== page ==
By Len A.Hynds

One night duty in 1953 whilst Acting Sergeant, and taking the parade of night duty men, awaiting the Duty Officer to appear to make his inspection, when the late turn station Sergeant came in and said that there was a young woman with her small son, in the waiting room, after complaining that someone had access to her flat, and she could hear that person moving about at night. I decided to deal with it myself, and told PC Ron Bowman to remain behind to assist.

After I had marched the troops out we went to speak to her, and she told us that Walworth Borough Council just three weeks previously had moved her from an unmarried mothers’ hostel in Westmoreland Road with her four year old son, into a flat of a very old house at 86 Sultan Street, Camberwell. Every night since she had been there she had heard the street door closing two floors below, and heavy footsteps climbing the stairs up to her level, She occupied two rooms on the top floor with her gas stove and sink on the landing. From inside her locked bedroom, she always heard the person outside, climb onto the gas stove, lift the attic entrance panel above and climb up into the attic. I decided at that stage that it was a deserter on the run, and using the attic for sleeping.

After giving me her spare key, I told her to return home, and would follow her at a discreet distance, and gain entry when I felt it clear.

We got into this very old house without being seen, and I noted every noise, like the closing of the door, and quite distinctive croaks and groans of the staircase. I put half a crown in the gas meter in case we needed a light in an emergency, and after sending her and the boy into the small back bedroom, and hearing it locked, Ron and I sat in the front room with the door open in the darkness, and I could see the landing and gas stove from the faint light coming from the street lamp outside. We sat there in complete silence for over an hour, until at midnight we heard the street door open, and then close, and heavy footsteps coming along the passage and climbing the stairs, making all those quite distinctive sounds of creaking wood. It stopped on the floor below, and knocked six times on the passage wall.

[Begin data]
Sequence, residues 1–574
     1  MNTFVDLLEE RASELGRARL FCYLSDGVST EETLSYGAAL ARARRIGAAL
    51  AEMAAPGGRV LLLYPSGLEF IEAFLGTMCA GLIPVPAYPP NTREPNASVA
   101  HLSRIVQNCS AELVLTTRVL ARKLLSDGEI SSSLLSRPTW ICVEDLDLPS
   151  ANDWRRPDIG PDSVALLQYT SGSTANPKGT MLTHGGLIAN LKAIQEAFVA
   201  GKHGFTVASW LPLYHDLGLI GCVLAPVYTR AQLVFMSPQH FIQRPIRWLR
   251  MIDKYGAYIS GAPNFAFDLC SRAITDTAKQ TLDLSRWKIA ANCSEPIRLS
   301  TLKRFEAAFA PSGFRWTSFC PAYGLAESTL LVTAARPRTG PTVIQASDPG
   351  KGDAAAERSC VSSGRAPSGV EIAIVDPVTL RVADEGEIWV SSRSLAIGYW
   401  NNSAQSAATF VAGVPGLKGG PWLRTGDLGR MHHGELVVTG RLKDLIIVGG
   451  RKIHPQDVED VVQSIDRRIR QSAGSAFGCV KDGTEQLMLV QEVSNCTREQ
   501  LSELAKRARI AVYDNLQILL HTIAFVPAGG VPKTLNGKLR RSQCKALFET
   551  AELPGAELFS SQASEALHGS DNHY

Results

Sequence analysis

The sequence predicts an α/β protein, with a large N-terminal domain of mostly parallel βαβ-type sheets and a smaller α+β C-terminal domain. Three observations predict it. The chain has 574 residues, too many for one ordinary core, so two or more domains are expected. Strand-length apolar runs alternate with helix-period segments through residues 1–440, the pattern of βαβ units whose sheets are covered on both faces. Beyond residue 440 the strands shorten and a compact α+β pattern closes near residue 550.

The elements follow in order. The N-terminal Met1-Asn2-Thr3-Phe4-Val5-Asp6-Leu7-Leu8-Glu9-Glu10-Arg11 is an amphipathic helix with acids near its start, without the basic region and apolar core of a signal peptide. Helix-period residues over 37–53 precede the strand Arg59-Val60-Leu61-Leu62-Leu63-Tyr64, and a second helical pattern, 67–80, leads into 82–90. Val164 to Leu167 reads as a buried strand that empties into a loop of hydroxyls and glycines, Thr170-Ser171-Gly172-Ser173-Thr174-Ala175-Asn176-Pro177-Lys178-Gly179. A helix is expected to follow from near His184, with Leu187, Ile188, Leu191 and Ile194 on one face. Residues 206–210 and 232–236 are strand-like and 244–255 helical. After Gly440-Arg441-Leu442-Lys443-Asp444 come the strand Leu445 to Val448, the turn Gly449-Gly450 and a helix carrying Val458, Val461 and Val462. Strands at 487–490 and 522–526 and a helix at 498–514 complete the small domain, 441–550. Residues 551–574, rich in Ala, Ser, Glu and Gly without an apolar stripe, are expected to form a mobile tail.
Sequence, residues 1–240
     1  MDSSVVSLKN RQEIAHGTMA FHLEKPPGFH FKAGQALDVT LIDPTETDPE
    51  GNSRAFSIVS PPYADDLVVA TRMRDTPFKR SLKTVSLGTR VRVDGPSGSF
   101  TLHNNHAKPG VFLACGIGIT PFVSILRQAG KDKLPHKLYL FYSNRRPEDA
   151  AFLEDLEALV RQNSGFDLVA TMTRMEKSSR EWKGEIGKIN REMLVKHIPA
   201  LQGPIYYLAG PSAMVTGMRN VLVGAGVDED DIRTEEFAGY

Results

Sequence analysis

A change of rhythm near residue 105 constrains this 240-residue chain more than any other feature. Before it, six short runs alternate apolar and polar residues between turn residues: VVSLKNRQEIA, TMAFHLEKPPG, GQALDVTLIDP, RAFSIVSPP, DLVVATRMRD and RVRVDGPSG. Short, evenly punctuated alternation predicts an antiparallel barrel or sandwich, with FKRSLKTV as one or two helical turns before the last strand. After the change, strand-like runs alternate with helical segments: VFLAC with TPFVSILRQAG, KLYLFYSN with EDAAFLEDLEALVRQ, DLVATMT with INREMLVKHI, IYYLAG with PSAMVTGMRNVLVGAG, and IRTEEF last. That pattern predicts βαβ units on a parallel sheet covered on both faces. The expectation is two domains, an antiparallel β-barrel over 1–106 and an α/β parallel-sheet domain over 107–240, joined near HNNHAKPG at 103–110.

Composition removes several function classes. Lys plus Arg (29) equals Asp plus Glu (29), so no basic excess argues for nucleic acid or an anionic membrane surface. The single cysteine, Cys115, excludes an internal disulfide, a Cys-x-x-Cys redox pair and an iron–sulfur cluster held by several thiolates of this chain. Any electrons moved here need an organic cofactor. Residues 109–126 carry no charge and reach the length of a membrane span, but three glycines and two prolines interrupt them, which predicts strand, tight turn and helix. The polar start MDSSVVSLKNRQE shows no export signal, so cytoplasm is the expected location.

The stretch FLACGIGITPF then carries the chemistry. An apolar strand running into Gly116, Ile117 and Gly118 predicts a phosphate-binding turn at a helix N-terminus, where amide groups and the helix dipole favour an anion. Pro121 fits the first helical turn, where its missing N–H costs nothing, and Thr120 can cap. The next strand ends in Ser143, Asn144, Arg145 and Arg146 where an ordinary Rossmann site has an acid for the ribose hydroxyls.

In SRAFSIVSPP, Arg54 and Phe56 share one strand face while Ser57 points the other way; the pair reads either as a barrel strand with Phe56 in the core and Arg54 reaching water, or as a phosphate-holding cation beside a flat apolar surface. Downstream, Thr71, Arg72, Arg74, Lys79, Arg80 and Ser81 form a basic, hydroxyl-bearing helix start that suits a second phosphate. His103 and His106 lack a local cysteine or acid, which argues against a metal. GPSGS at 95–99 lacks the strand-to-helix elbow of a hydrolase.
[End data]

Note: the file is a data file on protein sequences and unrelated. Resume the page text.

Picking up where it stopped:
Who-ever it was climbed right up to the top floor onto the landing which I could see clearly. I left my seat with my torch in one hand and truncheon in the other, but before I could reach the landing, only a matter of a few steps, I heard her locked door squeak open. Letting the leather truncheon thong slip down onto my right wrist, I let go the truncheon to grasp the intruder, but my hand hit the still locked door, and there was nobody there. I shone my torch down the stairs but there was nobody there either. I called out to the young woman if she was alright, and she replied nervously, “Yes did you hear it, it tried to get in the room this time.” I told her to light the gas mantle and stay locked-in whilst we searched the house.

Ron and I searched the house, and on the ground floor we found two very elderly ladies in bed with their hair in curlers. One was the occupier of the rest of the house, and the other lady someone who stayed with her sometimes. I explained why we were there and she said, “Oh, that’s my husband my dear.” I asked where he was and she said, “He’s been dead for several years. He used to be a night watchman, but always crept home at midnight for a nights sleep before going back. He used to come in and knock on my bedroom wall and then either go to sleep in a spare room at the top, or go up into the attic and work on something on his workbench. When he died, he still kept on doing it. I was so pleased when the council offered the top floor to that young woman. Has she been hearing him?”

Suddenly there was screaming from the young woman above and racing up the stairs, she said that the trap door over the gas stove had been banging up and down violently. We had in fact heard that noise from below. I climbed up onto the gas stove and got into the attic but there was nobody there, just a dust covered work bench with tools laying about, but it was deathly cold up there.

On climbing down, the young woman said to her small boy, “Tell the policeman what you saw.”, and the four year old said, “A man came through the door” When asked what he was like he said, “He shined.” The young woman being on the verge of collapse, I removed her and her son back to the hostel. The newspapers made a meal of that story, but senior officers on later evenings detected everything that we had.

Ghost on stairs